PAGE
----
Fertilizing Prefertilized Potting Soil?

Regarding those potting soils that are ready fertilized and mixed with Miracle Gro and the like- They bag says that their fertilizing effectiveness is good for up to 3 months and sometimes longer. My question is, would it be damaging to the plants to add more Miracle Gro fertilizer mixed as a water solution to the soil every two weeks or so, or would I be overfertilizing and burning the plants?

I find it hard to believe that watering everyday for the last month or so hasn’t leeched out the prefertilized soil, or do they have some special time release formulation of Miracle Gro mixed in?

Miracle-Gro is the work of the devil. It’s chemically based and not balanced nutriton – that white crusty shit on the surface of the dirt? Salts that won’t go away.

You’re better off with a natural product – I use this, and my houseplants are lush and happy.

You would be overfertilizing. The amount of fertilizer in the MG potting soil is relatively low, but it should last the amount of time stated on the package. I personally do not find Miracle-Gro, or any other synthetic fertilizer, to be the work of the devil, but if you are talking indoor container plants, they really don’t need all that much fertilizer to do well. They also don’t need their growth stimulated this time of year (assuming you are in the northern hemisphere) when the tendency is to slow their growth due to reduced light levels. In the brighter, warmer months, a weak (1/4 the recommended dose) solution weekly is good.

And watering indoor plants every day is way too much.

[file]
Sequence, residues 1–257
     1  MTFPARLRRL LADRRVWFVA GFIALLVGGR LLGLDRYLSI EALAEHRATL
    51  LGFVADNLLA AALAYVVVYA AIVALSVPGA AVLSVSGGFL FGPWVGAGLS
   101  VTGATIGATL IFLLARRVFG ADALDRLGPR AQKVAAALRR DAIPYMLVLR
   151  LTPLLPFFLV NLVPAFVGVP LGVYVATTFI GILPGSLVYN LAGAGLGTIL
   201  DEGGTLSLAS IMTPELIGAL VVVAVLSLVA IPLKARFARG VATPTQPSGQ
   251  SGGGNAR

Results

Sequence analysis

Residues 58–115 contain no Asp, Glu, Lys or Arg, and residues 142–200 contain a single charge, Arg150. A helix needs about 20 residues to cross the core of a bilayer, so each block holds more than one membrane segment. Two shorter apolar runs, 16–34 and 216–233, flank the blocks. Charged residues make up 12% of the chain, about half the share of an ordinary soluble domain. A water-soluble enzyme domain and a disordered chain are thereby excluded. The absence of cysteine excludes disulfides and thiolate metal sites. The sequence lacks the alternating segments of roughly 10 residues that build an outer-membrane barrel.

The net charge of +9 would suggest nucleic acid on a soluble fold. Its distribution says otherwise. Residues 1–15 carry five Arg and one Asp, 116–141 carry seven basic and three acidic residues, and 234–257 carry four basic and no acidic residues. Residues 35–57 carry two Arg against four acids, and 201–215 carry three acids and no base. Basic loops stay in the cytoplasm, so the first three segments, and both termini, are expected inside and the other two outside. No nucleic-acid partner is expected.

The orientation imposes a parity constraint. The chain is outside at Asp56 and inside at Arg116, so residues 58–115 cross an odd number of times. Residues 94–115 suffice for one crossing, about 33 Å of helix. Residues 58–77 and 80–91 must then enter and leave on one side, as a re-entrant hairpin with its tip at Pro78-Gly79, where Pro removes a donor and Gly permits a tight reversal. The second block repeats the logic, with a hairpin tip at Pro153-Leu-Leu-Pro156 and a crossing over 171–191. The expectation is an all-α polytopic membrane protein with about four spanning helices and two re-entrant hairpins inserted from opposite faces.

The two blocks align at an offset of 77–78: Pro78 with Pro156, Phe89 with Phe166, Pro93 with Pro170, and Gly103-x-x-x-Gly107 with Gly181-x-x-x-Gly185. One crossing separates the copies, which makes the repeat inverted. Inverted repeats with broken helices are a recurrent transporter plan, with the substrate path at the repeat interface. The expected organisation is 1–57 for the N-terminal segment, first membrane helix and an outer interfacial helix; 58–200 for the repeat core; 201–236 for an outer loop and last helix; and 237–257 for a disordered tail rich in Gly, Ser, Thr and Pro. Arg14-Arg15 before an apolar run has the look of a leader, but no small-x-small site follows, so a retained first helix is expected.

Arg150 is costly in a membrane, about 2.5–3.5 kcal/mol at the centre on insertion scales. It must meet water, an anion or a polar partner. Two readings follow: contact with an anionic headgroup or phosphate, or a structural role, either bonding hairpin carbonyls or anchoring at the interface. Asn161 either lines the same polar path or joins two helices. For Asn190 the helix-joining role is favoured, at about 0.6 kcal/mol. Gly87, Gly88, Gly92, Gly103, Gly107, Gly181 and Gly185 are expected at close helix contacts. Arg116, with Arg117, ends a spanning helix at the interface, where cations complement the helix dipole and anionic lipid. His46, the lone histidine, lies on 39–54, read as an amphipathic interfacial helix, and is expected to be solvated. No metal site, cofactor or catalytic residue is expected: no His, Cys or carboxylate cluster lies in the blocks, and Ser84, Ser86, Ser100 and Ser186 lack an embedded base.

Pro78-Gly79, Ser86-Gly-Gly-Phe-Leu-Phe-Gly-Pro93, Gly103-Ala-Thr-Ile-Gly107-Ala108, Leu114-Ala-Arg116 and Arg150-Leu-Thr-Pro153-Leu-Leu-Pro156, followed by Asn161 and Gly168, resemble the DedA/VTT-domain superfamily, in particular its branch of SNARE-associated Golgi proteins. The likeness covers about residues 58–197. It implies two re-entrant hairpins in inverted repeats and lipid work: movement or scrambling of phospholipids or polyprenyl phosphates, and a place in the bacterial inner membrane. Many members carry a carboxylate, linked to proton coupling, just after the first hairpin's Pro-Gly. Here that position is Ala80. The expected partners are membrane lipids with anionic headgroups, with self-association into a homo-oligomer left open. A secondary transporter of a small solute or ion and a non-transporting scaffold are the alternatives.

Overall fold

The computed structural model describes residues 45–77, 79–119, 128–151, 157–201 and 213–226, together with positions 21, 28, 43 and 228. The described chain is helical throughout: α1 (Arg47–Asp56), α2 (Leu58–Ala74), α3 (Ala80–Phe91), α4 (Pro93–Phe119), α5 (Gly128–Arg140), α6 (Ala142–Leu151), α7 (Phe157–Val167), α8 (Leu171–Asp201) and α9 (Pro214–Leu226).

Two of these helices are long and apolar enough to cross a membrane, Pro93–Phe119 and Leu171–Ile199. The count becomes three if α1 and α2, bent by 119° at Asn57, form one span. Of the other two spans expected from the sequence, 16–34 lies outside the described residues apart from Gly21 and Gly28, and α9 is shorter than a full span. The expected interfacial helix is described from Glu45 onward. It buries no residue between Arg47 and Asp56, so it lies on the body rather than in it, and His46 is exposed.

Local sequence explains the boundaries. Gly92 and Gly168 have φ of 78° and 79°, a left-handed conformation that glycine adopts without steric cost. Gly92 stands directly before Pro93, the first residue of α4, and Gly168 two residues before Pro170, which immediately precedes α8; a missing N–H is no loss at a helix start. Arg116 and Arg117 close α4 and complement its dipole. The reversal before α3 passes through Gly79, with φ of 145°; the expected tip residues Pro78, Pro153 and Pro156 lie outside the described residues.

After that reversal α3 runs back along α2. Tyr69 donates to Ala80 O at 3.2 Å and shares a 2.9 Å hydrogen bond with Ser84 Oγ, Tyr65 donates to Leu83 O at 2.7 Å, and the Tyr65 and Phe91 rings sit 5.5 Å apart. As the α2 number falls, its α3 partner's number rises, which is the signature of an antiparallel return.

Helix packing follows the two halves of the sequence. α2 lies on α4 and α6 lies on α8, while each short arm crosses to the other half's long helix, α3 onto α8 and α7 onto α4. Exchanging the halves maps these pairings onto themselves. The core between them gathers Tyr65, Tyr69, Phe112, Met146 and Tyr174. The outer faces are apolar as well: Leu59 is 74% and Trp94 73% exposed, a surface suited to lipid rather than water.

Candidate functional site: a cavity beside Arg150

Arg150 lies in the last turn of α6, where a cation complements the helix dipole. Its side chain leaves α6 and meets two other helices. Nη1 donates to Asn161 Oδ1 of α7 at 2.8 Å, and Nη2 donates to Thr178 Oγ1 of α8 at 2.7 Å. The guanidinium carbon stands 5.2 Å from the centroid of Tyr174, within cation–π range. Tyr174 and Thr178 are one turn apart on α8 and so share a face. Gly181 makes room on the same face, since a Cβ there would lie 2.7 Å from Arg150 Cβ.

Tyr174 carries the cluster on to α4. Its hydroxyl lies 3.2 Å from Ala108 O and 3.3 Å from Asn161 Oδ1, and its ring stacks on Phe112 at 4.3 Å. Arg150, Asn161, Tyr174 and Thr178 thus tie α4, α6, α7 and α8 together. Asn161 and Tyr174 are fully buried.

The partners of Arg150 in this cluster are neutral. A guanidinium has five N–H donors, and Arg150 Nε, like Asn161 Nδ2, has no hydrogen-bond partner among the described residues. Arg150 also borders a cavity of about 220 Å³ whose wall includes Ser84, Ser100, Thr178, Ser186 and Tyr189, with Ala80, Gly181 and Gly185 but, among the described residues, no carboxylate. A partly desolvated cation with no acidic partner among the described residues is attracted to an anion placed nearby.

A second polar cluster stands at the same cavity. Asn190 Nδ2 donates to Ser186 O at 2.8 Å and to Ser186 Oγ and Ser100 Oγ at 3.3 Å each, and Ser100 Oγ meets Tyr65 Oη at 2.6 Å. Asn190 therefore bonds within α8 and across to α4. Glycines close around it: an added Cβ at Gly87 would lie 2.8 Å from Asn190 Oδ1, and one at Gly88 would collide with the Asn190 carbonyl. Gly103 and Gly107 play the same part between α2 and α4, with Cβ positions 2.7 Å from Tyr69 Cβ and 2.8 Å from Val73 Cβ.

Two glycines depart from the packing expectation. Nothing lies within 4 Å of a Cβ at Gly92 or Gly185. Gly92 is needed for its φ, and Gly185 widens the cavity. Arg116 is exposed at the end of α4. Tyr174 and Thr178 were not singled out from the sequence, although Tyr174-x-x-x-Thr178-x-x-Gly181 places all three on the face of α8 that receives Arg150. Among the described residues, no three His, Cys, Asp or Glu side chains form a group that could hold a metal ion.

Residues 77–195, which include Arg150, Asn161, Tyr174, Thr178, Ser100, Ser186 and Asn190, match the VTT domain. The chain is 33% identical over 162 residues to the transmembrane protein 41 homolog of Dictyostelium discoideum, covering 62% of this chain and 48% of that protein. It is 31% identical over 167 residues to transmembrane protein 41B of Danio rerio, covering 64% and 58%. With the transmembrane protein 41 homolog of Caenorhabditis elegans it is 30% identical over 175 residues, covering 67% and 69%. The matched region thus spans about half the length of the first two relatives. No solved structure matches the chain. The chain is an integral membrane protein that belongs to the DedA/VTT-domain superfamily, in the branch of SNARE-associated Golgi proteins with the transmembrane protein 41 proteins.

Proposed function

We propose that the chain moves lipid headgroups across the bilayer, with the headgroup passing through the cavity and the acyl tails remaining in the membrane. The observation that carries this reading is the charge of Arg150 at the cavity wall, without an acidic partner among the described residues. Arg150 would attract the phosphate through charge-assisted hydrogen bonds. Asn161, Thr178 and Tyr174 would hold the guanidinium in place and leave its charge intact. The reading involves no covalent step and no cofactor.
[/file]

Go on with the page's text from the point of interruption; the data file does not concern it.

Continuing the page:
If I am assuming too much, and you are in a warm climate, referring to outdoor container plants, which do indeed need watering every day, then a monthly dose of the Miracle-Gro at full strength would not be excessive.

Since this is GQ, I should note that my advice is based on personal, not professional, experience.

You assumed too much. :smiley:

Yes, they are outdoor, potted, fruit plants (chiles and tomatoes) that I am growing during the winter in Florida. They are fairly immature plants, with a few small tomatoes growing and a habanero that is medium sized with no hints of flowering yet. I’ve never grown anything in these latitudes, but it seems like you could grow pretty much anything here and have success during any season. The plants are thriving, and I used a special prefertilized moisture control potting soil that is supposed to protect angainst overwatering and underwatering. So, I just water them everyday, and the strength of the sun pretty much dries them out by night.

I appreciate your advice KLC, sounds sage and sound and based in experience.

Growing Habaneros:

I tested this myself once, before looking it up on the internet, and it’s true.